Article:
TimberWest fully embraces the objectives of Ecosystem Based Management to concurrently achieve ecological integrity and human well-being.
The Great Bear Rainforest (GBR) encompasses 64,000 square kilometres of land and fresh water lying along the mainland coast from Bute Inlet in the south to the border with Alaska. TimberWest has public tenures covering less than 2% of the GBR area.
The vast majority of TimberWest’s operations in the GBR is previously harvested and regenerated forest.
TimberWest’s holdings in the southern portion of the GBR near Vancouver Island include TFL 47, forest licenses and timber licenses. The portion of TFL 47 that covers the GBR includes highly productive forestland — the vast majority of which is previously harvested and regenerated forest. An average annual harvest level of 365,000 m3 per year for this area was established by government in 2014.
As a result of government sponsored land use planning, agreements between the forest industry and environmental organizations, as well as First Nations-Province government-to-government protocols, one-third of the GBR is formally protected in parks and conservancies with an Ecosystem-Based Management (EBM) regional design being implemented.
The standards for EBM for the Great Bear Rainforest have been developed through an iterative process. Since first implemented in 2007, they have been revised to reflect work done by industry, Government, First Nations, communities, and the environmental community working together to clarify the approach and improve outcomes over time. The latest revision of the standards is currently under review by First Nations and Government and will be released as a new land use order.
“Plans were consistent with the SCCO and VILUP Orders, including Ecosystem Based Management (EBM).” – Forest Practices Board, February 2015
While new policy is being developed and reviewed, TimberWest conducts its planning and operations consistent with the current EBM Land Use Order for leave areas, critical species habitat, riparian, etc. This was verified in a 2015 Forest Practices Board Audit. Forward planning is an important and responsible way to operate. It ensures environmental sustainability, the ability to respond to markets, and provide a stable workflow for contractors and employees. Significant investment and organization is required to be ahead in planning. It is typical for us to have up to two years worth of planning approved at any time.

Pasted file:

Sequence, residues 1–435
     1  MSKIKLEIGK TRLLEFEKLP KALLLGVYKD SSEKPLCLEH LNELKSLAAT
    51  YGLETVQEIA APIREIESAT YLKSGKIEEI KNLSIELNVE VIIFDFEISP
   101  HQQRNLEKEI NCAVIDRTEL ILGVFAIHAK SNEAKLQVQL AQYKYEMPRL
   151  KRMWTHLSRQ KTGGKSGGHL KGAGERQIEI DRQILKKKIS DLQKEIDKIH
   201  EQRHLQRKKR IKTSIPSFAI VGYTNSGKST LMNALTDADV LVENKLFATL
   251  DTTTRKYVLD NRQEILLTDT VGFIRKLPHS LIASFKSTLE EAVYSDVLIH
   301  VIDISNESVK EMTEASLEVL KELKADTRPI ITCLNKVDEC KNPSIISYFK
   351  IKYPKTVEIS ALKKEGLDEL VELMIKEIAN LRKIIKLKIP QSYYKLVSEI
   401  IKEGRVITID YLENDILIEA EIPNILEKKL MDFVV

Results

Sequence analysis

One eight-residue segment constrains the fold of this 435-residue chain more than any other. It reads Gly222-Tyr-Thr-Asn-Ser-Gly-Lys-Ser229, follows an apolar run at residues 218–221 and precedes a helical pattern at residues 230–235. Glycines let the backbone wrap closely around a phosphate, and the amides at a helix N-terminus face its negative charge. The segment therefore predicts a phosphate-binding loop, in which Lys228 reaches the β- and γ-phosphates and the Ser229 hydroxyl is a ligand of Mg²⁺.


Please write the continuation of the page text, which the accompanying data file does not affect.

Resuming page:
TimberWest’s harvest activity in the GBR is occurring at a sustainable rate and in accordance with regulation. This is confirmed in the recent TFL 47 Full Scope Audit by the Forest Practices Board and Ministry cut control statements. TimberWest will comply with harvest control levels for the new, specific, harvest level assigned in the EBM area of TFL 47 in 2014 and also continue to meet the overall harvest level controls for the entire TFL 47.
TimberWest has engaged transparently with all interests, through our planning and harvesting in the GBR, including environmental groups, for many years. We have provided extensive harvest and other data to the discussion and continue to adapt our practices to reflect new understanding of EBM over and above legal requirements.
We have a standing offer to openly review our plans with interested parties to inform discussions seeking to resolve concerns about TimberWest’s practices. We will work to implement the intent of the new regulations while balancing the public’s expectation of renewable economic activity from their forests.
TimberWest has been operating for over 100 years on the BC Coast. We are a committed, long-term player and sustainable forest management is a core value for us. Nurturing long-term sustainability and protecting biodiversity are critical to our ongoing success in a business where performance is measured over decades and centuries.
We remain strongly committed to working with Government, First Nations and all key stakeholders to implement Ecosystem-Based Management in the Great Bear Rainforest.